Americans’ home equity reached a record high earlier this year, according to a new report by mortgage data firm Black Knight. That metric, along with record-low mortgage rates, sets the stage for a continued boom in mortgage refinancing.
Black Knight says “tappable home equity” — the equity homeowners could borrow against while maintaining a loan-to-value ratio of less than 80 percent — jumped to a record $6.5 trillion at the end of March.
“The environment is ripe for that surge of rate/term refinance lending to continue,” says Black Knight President Ben Graboske.
More than 90 percent of these equity-rich borrowers are “in the money” for a refi, meaning they have mortgage rates above current rates, Black Knight reports. The average rate on a 30-year fixed-rate mortgage fell to 3.35 percent last week, a record low, according to Bankrate’s national survey of lenders.
Black Knight says more than 75 percent of homeowners with mortgages have rates higher than 3.5 percent. Because of the closing costs that come with refinancing, you don’t want to refi every time rates fall a half point. “With rates currently near 3 percent, the amount they would save each monthly likely would outweigh the cost of the transaction,” the report stated.
But Black Knight reports that some homeowners still have mortgage rates above 5 percent — and those borrowers almost certainly would benefit from refinancing. If mortgage rates fall to 3 percent, Black Knight says, some 18.5 million American homeowners would be candidates for refis.
Cash-out refinances becoming less common
In boom times, record levels of home equity would open the possibility of using a refinance to extract cash from your home. However, with the coronavirus causing a dramatic drop in economic activity, lenders have been reluctant to sign off on cash-out refinances.
Black Knight’s report covers the January-March period, and the coronavirus pandemic didn’t hit the U.S. until the end of the quarter. Even so, the number of cash-out refinances, as well as the dollar value of equity withdrawn via refinance, fell for the first time since early 2019, Black Knight says. Cash-out refis accounted for 42 percent of refinance loans in the first quarter, about half the level seen in the fourth quarter of 2018.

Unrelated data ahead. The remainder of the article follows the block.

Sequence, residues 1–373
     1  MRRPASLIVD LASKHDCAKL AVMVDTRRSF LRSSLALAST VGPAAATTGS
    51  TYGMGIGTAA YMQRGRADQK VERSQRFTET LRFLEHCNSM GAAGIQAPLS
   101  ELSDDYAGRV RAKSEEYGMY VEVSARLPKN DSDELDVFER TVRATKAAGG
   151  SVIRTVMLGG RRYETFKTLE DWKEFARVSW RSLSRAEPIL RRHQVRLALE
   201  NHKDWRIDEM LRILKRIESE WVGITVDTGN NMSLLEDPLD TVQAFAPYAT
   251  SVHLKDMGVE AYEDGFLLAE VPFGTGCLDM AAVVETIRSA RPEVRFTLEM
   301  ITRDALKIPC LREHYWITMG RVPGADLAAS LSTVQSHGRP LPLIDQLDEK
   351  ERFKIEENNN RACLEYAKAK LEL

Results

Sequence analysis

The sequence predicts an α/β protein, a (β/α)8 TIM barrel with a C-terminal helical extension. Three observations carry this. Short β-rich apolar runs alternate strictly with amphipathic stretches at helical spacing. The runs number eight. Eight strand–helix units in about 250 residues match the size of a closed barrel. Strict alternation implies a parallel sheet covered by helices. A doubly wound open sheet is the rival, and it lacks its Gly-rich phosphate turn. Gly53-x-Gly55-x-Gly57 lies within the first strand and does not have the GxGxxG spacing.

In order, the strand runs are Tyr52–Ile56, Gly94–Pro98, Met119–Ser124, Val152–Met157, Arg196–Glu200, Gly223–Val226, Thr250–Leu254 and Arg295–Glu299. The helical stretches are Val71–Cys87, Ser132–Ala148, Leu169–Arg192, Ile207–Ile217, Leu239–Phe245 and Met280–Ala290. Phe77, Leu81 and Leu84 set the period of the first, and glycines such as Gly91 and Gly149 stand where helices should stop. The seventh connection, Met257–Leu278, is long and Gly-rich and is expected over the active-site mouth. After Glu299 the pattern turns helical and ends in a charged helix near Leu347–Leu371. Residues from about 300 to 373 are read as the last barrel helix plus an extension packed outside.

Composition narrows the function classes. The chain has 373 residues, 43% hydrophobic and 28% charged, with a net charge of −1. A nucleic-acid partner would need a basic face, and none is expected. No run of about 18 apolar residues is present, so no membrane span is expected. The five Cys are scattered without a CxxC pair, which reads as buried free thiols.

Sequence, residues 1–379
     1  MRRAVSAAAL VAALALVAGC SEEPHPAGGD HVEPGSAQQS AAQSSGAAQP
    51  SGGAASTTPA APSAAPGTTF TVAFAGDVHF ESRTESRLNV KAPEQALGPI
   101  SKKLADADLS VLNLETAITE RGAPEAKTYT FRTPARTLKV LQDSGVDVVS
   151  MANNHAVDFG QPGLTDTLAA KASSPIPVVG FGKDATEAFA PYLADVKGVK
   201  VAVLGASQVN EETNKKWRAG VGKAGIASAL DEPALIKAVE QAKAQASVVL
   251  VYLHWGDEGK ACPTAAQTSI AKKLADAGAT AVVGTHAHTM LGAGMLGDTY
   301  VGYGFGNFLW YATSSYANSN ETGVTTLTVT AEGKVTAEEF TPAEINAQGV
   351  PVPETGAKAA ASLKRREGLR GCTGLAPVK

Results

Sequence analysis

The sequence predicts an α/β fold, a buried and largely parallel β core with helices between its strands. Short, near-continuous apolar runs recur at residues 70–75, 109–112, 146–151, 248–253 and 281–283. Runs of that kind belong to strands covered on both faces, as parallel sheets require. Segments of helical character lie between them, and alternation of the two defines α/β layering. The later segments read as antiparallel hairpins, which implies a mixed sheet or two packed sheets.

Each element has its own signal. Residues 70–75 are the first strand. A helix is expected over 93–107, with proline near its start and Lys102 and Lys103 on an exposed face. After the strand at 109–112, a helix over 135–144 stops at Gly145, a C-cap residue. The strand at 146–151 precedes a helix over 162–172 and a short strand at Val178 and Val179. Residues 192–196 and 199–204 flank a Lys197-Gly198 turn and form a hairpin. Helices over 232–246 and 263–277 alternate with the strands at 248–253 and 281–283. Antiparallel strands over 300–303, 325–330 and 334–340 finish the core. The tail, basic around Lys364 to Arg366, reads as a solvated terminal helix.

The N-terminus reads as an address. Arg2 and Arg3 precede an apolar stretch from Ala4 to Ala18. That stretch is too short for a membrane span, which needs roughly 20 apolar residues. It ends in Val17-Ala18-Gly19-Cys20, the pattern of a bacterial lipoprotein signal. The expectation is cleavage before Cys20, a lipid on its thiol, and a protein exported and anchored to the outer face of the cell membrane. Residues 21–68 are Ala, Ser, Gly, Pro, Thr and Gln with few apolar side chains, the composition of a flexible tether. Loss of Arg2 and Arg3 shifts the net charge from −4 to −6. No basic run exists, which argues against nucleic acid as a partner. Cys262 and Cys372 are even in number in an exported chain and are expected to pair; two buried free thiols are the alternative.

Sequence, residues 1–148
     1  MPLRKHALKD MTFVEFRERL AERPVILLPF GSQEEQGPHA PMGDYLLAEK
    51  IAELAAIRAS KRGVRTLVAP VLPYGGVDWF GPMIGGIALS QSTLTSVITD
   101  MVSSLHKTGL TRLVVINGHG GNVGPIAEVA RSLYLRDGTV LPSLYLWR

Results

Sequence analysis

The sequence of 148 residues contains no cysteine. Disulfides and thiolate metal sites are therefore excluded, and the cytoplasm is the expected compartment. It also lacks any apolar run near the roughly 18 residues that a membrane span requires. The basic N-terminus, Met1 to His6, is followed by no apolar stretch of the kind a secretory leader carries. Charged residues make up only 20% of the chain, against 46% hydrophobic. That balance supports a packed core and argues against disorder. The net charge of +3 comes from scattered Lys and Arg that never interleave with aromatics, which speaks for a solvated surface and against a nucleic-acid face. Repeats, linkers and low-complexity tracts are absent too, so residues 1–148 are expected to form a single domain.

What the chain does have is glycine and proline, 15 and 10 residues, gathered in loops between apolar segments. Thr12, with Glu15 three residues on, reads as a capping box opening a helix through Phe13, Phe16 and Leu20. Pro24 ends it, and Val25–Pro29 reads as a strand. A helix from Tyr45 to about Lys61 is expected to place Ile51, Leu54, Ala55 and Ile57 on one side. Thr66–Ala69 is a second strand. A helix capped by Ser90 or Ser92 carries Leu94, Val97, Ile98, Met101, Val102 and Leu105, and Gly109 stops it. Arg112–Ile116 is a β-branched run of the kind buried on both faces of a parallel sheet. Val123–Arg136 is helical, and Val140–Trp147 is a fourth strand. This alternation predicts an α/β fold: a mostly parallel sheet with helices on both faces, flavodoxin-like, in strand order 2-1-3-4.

What you can do if your mortgage rate is too high
Does it make sense to refi? Here’s how you can tell:
- Take a look at your situation: Do you have significant equity in your home? Is your rate above 3.5 percent? Do you plan to be in your home for a few more years? If you can answer yes to all of these questions, a refi may make sense.
- Crunch the numbers: Borrowers often forget about the hefty closing costs that accompany a refi. Your savings from the lower rate need to be significant enough to recover those upfront costs. Say you have a $200,000 loan at 3.75 percent. In that case, your monthly payment is $926. If you’re able to borrow $200,000 at 3.25 percent, your monthly payment would fall by $56, to $870 a month. If the refi means paying $4,000 in closing costs, you’d need nearly six years to make back your closing costs before the refi would provide a financial benefit. Bankrate’s refinance calculator can help you decide.
- Shop around: Rates and closing costs can vary widely by lender. Make sure to compare offers from multiple lenders.
- Keep in mind that market conditions are changing: Mortgage rates are difficult to predict, but many experts foresee rates falling below 3 percent in the next six months to a year. A plunge in rates would change the math — a 3.25 percent rate might not convince you, but a 2.75 percent rate probably would.
Featured image by Citizens of the Planet/Universal Images Group via Getty Images.